A dirty trash filled alley in Vancouver. Someone is squatting to pick something up on the street.

Youth face barriers to overdose harm reduction, say front-line workers

Editor’s note: There were 47 drug related deaths in the Greater Campbell River Health Area during 2023. This is the third worst drug related death rate on Vancouver Island, only surpassed by Victoria (145) and Nanaimo (116). There were 31 drug related deaths in Greater Campbell River during 2022 and 26 in 2021

Greater Campbell River is a health area that stretches from the Oyster River to Sayward on the east coast of Vancouver Island, and includes Discovery Island communities like Cortes, Quadra and Read, but the epicentre of this public health emergency is the city of Campbell River.  According to BC emergency Health Services, paramedics responded to 681 drug overdose calls in Campbell River last year. The numbers have kept increasing every year since COVID arrived in March 2020 and did not decrease after the period of self distancing ended. There were 525 callouts in 2022, 404 in 2021 and 249 in 2020. In the four years prior to that, the call numbers fluctuated from a low of 152 in 2016 to a high of 230 in 2018.

By Alexandra Mehl, Ha-Shilth-Sa, Local Journalism Initiative Reporter

With the toxic drug crisis as the leading cause of death for British Columbians aged 10 though 59, nearly 170 youth, aged 18 and under, have lost their lives since 2017. According to experts, not enough research and monitoring has been done to assess the impacts of the crisis on young people, who also face barriers when accessing harm reduction services.

“Young people do use drugs,” said Kora DeBeck, an associate professor at Simon Fraser University’s School of Public Policy, noting that for young people it is a time of experimentation. “Unfortunately, in this context of a toxic drug supply, use can be so much more risky than it was 10 years ago.”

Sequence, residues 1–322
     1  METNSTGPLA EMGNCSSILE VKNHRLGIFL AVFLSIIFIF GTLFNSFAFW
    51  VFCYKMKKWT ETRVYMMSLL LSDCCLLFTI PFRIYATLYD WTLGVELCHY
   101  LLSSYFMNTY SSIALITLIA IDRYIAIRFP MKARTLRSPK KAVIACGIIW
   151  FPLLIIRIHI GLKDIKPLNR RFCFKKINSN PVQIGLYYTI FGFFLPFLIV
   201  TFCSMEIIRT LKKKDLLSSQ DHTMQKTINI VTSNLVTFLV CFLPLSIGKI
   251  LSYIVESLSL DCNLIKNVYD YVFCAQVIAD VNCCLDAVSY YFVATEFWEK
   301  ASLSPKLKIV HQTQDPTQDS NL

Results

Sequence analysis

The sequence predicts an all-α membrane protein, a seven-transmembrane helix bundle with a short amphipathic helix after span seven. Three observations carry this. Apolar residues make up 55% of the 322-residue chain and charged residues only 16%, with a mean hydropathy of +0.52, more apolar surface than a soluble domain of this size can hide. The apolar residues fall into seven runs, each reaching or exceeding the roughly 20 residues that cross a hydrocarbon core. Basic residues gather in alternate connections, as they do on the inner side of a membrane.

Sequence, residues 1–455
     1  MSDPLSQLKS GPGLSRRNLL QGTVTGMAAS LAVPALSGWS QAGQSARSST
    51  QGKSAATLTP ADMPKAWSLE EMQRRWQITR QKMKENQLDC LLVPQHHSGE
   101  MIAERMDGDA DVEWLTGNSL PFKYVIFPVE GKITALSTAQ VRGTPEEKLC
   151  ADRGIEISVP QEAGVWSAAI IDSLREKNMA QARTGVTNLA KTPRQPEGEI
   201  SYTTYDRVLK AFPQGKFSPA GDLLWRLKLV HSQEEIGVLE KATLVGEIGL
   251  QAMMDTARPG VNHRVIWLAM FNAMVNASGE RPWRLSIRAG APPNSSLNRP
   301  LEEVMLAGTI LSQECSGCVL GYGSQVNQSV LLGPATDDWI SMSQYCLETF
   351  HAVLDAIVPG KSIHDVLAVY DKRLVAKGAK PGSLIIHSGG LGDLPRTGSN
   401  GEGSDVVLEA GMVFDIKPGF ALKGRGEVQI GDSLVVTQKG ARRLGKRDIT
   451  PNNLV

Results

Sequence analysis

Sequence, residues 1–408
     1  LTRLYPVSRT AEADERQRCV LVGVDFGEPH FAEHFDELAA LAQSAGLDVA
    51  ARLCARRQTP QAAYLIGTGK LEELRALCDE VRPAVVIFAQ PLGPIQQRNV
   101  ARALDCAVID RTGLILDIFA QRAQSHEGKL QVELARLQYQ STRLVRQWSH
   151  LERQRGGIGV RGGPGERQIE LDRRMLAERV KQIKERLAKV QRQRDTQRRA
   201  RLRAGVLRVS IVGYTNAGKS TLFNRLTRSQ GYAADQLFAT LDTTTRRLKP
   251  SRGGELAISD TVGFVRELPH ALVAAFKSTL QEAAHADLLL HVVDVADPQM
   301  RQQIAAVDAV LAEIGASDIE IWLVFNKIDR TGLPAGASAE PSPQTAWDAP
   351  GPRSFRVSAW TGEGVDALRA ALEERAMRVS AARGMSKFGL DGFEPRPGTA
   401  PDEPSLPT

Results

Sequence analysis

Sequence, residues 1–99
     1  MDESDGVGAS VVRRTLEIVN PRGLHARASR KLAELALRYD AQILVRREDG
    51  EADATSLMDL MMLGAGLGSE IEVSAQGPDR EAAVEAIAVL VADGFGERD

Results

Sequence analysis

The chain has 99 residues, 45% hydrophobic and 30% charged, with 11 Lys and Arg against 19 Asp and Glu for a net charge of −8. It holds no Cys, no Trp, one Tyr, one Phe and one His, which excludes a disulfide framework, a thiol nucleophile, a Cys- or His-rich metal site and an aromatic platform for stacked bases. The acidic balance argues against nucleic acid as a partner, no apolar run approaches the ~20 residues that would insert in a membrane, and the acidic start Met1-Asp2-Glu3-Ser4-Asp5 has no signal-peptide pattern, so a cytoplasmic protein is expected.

Between Jan. 1, 2017 and Dec. 31, 2022, the province saw 142 deaths from illicit drugs among minors, equal to 24 fatalities per year, according to a report released by the BC Coroners Service. With unregulated and toxic drugs as the leading cause of death, fentanyl or its analogues were detected in 78 per cent of the cases

The next age group cited in the report, 19-29, saw more than 10 times the number of fatalities due to illicit drug use with 1,718 over the same period, and the 30-39 bracket had even more deaths at 2,580.

Of the youth, 73 per cent were recipients of one or more services from the Ministry of Children and Family development, while 67 per cent had either a diagnosis or evidence of a mental health disorder, the report continued.

According to coroner, deaths in 2023 due to unregulated drugs decreased among youth. 

Data collected until late 2022 demonstrates that there has been no increase in the rate of youth being diagnosed with opioid use disorder since 2020, shared Alexis Crabtree, a senior scientist and medical lead of harm reduction and substance use at the B.C. Centre for Disease Control, at a recent press conference.

“Clearly though, more monitoring is needed,” said Crabtree. “The truth is, we don’t have a lot of evidence about what is happening for youth and substance use.”

“There is a need for more primary data collection with youth to understand what their experience of substance use is right now, and how the pandemic has shaped that, and what supports they might need in the future,” Crabtree continued.

DeBeck is the principal investigator for the At-Risk Youth Study (ATYS), which since 2005 has studied over a 1,000 street-involved youth under the age of 25 who use drugs in Vancouver. She said that based on feedback from the community there is frustration among young people from the barriers they face when accessing services.